3. Conversion between coordinate systems
      4. Reprojection and datum transformations
      5. Georeferencing and root mean square error calculation
    5. Spatial Analysis and Coordinate Geometry
      1. Structured Query Language (SQL)
      2. Locational query
      3. Attribute query
    6. Basic Spatial Statistics and Regression
      1. Hypothesis testing
      2. Assumptions and frequency distributions (e.g. normal, Poisson)
      3. Calculation and interpretation of statistical measures in geography (Trends, Patterns, and Clusters)
        1. Geographic mean center
        2. Geographic median center
        3. Central feature
        4. Standard distance deviation
        5. Standard deviational ellipse
      4. Ordinary least squares regression
        1. Limitations and assumption violations (e.g. misspecification, autocorrelation)
    7. Modifiable Areal Unit Problem
  2. Spatial Data and Geospatial Technologies
    1. Origin of spatial data and data types
      1. Nominal
      2. Ordinal
      3. Ratio
      4. Interval
    2. Data accuracy vs. data precision
    3. Metadata
    4. Geographic Information Systems
    5. Global Positioning Systems
    6. Remote Sensing
    7. Open source systems
    8. Proprietary systems
  3. Analysis with GISci and Geospatial Technologies
    1. Analysis of physical landscapes and natural hazards
    2. Concentration of environmental problems and Tragedy of the Commons
    3. Spatial distribution of biodiversity hotspots and anthropogenic impacts
    4. Analysis of human population growth and demography
    5. Spatial distribution of industries and economic geography
    6. Trends and spatial clustering of crimes.

Textbooks/Resources

Textbooks
  1. Schoenherr, Allan. A Natural History of California. University of California Press, 1995.
  2. Krygier, John; Wood, Denis. Making Maps, Second Edition: A Visual Guide to Map Design for GIS . 2nd The Guilford Press, 2011.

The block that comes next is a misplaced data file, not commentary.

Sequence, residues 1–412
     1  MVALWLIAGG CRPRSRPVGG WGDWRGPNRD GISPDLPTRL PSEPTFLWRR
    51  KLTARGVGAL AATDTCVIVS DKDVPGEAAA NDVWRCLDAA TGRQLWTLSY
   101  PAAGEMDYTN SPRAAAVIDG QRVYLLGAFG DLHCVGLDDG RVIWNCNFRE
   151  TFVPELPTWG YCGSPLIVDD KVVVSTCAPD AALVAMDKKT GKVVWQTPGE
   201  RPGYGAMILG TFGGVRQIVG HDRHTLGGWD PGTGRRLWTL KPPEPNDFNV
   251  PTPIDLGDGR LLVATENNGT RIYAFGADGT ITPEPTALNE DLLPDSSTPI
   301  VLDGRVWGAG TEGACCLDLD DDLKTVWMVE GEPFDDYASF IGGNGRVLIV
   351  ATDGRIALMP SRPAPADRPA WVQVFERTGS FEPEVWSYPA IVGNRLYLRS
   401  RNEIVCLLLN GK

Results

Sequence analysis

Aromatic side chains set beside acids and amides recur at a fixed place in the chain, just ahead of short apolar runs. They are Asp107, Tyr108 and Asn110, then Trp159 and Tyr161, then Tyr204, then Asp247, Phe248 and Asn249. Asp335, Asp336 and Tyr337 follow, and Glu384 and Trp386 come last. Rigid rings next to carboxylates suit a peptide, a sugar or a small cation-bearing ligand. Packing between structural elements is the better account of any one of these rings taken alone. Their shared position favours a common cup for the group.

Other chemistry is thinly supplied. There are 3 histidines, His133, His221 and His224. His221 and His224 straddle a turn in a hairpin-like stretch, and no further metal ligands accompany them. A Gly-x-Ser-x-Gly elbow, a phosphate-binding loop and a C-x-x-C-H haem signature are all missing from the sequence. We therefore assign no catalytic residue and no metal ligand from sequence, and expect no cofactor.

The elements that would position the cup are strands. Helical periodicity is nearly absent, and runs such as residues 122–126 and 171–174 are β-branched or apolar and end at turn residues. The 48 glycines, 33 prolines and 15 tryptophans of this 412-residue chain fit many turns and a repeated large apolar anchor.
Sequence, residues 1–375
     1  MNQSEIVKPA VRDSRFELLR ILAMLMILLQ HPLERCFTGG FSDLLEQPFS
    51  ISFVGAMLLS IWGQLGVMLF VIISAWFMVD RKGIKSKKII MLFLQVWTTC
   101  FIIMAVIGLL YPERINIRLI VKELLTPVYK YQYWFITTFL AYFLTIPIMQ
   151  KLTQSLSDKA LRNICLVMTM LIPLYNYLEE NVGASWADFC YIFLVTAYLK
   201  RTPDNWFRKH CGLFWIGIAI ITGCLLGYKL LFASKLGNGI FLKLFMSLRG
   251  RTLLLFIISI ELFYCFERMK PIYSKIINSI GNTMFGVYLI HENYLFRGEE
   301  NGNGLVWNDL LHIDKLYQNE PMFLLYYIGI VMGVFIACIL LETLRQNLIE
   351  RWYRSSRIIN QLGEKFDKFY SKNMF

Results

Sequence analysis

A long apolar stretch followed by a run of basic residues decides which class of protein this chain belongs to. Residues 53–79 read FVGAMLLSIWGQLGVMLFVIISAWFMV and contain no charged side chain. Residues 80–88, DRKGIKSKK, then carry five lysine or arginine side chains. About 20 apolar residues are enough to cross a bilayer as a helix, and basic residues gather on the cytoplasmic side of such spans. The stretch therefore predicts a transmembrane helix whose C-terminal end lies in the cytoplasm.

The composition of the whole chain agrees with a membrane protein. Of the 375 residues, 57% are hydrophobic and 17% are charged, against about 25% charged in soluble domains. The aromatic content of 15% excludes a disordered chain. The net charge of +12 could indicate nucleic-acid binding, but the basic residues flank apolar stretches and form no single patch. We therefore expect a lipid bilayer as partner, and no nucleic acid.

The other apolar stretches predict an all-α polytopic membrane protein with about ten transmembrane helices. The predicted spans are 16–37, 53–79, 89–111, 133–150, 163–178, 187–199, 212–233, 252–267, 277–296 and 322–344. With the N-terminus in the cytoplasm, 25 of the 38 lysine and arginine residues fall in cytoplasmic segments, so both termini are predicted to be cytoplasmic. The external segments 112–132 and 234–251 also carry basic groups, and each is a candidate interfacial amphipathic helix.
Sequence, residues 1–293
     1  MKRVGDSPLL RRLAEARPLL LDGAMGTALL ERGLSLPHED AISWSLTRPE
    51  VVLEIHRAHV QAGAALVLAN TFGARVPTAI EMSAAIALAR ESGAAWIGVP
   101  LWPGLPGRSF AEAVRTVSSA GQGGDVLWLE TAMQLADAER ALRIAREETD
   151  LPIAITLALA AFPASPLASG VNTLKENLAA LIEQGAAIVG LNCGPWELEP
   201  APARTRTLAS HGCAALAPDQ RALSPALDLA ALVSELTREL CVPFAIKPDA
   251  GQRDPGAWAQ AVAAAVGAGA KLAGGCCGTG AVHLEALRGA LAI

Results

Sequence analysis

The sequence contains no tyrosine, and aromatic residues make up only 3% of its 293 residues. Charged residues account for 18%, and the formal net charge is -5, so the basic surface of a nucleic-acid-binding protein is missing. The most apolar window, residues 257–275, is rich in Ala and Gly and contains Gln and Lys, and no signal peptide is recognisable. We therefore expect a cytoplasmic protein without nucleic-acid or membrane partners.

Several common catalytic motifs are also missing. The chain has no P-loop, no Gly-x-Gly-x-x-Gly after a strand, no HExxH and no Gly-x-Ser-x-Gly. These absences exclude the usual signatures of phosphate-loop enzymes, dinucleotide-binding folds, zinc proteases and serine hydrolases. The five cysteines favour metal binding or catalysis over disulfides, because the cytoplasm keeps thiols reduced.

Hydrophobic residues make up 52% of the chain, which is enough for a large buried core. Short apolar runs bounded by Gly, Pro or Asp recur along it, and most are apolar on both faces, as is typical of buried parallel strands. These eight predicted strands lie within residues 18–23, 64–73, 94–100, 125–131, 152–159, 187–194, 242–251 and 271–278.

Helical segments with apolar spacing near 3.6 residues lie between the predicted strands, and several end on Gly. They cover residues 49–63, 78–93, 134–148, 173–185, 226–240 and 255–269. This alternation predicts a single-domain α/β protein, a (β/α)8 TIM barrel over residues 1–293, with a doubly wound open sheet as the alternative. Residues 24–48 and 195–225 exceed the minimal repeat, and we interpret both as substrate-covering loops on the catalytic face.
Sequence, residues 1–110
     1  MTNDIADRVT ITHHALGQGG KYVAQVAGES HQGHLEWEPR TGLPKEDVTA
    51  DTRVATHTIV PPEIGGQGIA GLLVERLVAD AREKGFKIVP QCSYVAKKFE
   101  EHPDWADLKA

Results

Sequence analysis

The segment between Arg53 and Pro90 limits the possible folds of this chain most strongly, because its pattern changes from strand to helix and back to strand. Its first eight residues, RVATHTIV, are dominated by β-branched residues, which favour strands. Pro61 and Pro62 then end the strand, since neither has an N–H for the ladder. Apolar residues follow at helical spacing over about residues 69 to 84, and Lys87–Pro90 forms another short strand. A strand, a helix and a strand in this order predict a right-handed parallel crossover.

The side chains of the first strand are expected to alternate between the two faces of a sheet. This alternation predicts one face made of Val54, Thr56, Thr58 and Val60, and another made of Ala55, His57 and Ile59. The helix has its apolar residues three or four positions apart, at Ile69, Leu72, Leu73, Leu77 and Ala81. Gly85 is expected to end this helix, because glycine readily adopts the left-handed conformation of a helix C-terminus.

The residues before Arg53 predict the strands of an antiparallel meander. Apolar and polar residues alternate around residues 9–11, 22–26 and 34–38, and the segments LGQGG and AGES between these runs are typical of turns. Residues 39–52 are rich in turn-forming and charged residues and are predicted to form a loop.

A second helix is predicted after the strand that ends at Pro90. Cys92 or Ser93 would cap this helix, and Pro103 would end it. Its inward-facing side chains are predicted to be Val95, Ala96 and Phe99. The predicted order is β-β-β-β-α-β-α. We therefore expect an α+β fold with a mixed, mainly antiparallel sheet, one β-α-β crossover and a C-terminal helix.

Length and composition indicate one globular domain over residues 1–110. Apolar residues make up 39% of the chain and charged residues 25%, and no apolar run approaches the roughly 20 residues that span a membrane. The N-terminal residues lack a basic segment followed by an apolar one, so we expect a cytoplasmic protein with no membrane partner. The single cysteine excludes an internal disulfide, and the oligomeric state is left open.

3. Mitchell, Andy. The ESRI Guide to GIS Analysis Volume 1: Geographic Patterns & Relationships. 1st ESRI Press, 1999.
  4. Mitchell, Andy . The ESRI Guide to GIS Analysis: Volume 2: Spatial Measurements and Statistics. 1st ESRI Press, 2005.
  5. Middleton, Nick. The Global Casino: An Introduction to Environmental Issues. 4th Oxford University Press, 2008.
Software
  1. ArcGIS Explorer. Software. 1500. ESRI,
  2. ArcGIS Explorer Online. Software. Online. ESRI,
  3. Google Earth. Software. v.6. Google,
  4. ImageJ. Software. 1.44. National Institutes of Health, Used for remote sensing analysis..

Assignments

Required Reading:
Journal articles and text on Geographic Information Science theories and spatial analysis. Case studies on the applications of geospatial technologies (GIS, GPS, Remote Sensing) in analyzing environmental problems and anthropogenic features will also be required in this course.

Required Writing:
One or more assignments chosen from the following options: - Weekly laboratory write-ups (2 - 3 page report of results and conclusions) - Case Study Analysis (2 - 3 page essay) - Semester Project (8 - 10 page term paper)

Critical Thinking:
Students will complete laboratory exercises that require them to integrate Geographic Information Science and geospatial technologies in order to solve spatial problems (e.g. finding point sources of river contaminants). In their semester projects, students must demonstrate a clear understanding of the applications of mathematics in spatial analysis.

Outside Assignments:
Students are expected to research novel applications of geospatial technologies in other disciplines by reading trade publications (e.g. ArcUser) or by interviewing industry professionals.

Students are expected to spend a minimum of three hours per unit per week in class and on outside assignments, prorated for short-term classes.

Methods of Assessment

Methods of Assessment may include, but are not limited to, the following:
  1. Class Participation
  2. Class Work
  3. Demonstration
  4. Exams/Tests
  5. Field Trips
  6. Homework
  7. Lab Activities
  8. Papers
  9. Projects
  10. Research Projects

Open Entry/Open Exit

Not Open Entry/Open Exit

Repeatability

Course is Repeatable for Reasons other than a Deficient Grade? No

Contact Person

Wing H. Cheung